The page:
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Teachers share the pain of students

THE BALTIMORE SUN

The beginning of a new school year, like New Year's Eve, is a time to start anew.

A time for teachers, as well as students, to cleanse ourselves of bad habits and past pratfalls and embrace the Lysol-scented hallways. But before I make the resolution to stop eating Berger's cookies and drinking Coke before school, the teachers' breakfast of champions, I have to come clean about something else: Students are wrong about their perceptions of teachers.

We don't sleep at night on army cots in our classrooms, we didn't take a vow of poverty when we decided to enter a classroom and our grading system is more objective than simply throwing darts marked A, B, C and D at students' papers while blindfolded (excluding exams, of course). But the biggest confession -- I'm breaking all kinds of oaths and codes by divulging this -- is that many of us don't look forward to starting a new school year.

Sure, many teachers, as both adults and parents, laugh at that Staples commercial in which an ebullient father leaps past his lugubrious children looking for school supplies while the song, "It's the Most Wonderful Time of the Year" plays in the background. But it's a nervous laugh. Like students everywhere, many teachers secretly watch this commercial with dread.

Not because we dislike our profession; teaching is something that you have to love to do. (I don't know of a career that attracts more innovative, committed, lucid, compassionate people who accomplish so much -- like shaping entire generations' minds -- on so little pay.)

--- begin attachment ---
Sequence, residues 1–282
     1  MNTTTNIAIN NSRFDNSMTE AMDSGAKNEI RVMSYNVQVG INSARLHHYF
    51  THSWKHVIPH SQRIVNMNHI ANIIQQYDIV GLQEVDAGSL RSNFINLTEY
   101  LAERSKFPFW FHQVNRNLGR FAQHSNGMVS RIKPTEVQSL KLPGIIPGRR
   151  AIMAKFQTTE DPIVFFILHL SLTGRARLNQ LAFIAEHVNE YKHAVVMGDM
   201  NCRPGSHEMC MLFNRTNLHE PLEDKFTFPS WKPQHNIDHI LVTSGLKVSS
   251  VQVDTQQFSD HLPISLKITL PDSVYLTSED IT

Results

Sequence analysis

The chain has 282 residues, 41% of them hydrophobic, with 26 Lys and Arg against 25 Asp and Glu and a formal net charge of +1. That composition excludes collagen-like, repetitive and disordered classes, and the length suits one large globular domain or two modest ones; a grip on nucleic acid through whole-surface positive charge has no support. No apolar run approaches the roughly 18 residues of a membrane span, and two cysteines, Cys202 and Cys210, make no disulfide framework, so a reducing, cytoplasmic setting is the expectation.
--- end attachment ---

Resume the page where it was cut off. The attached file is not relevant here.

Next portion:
It's just that the hardest part of teaching, as is true with anything, is getting started. Getting my classroom ready for the new school year feels akin to running a race against a Porsche after I've been eating pizza and watching "Survivor" from the comfort of my couch all summer. Because once September rolls around, teachers shift from a blissfully humane, low, humming gear of the summer into one that grinds into overdrive in seconds flat.

This jolt occurs because teaching isn't solely a career; it's a lifestyle.

You not only have to make sure that you're exposing your students' minds to the knowledge they need for the all-important standardized tests and their overall literacy in all subject areas during the day. When you come home, you grade papers while watching TV, you often conference with parents on the telephone or on e-mail and you go to sleep thinking of new, more effective ways to teach.

The reason students and parents rarely hear teachers complain about this harried pedagogical lifestyle is because our contracts don't permit it. What they do permit is that we can feel the full force of the side-effects of returning to school (so long as it's behind closed faculty room doors and before the first day of classes).

Although these side effects take many forms, the most common is a loss of appetite that begins around mid-August when Rite-Aid and Giant start running price specials on Marble composition books. This stage often develops into nausea after said teacher is again exposed to high levels of Elmer's Glue or those scented Magic Markers.

Hopefully, this previously classified information (by the Board of Education) will assuage many students and will reveal that teachers also suffer terribly this time of year. If students are not convinced of this on the first day of school, they need only pay attention to our aching smiles and inability to come up with a more imaginative writing assignment about how they spent their summer.

Rest assured, we feel your pain.

Andrew Reiner lives in Idlewylde and teaches English to middle-school pupils at St. James Academy in Monkton.

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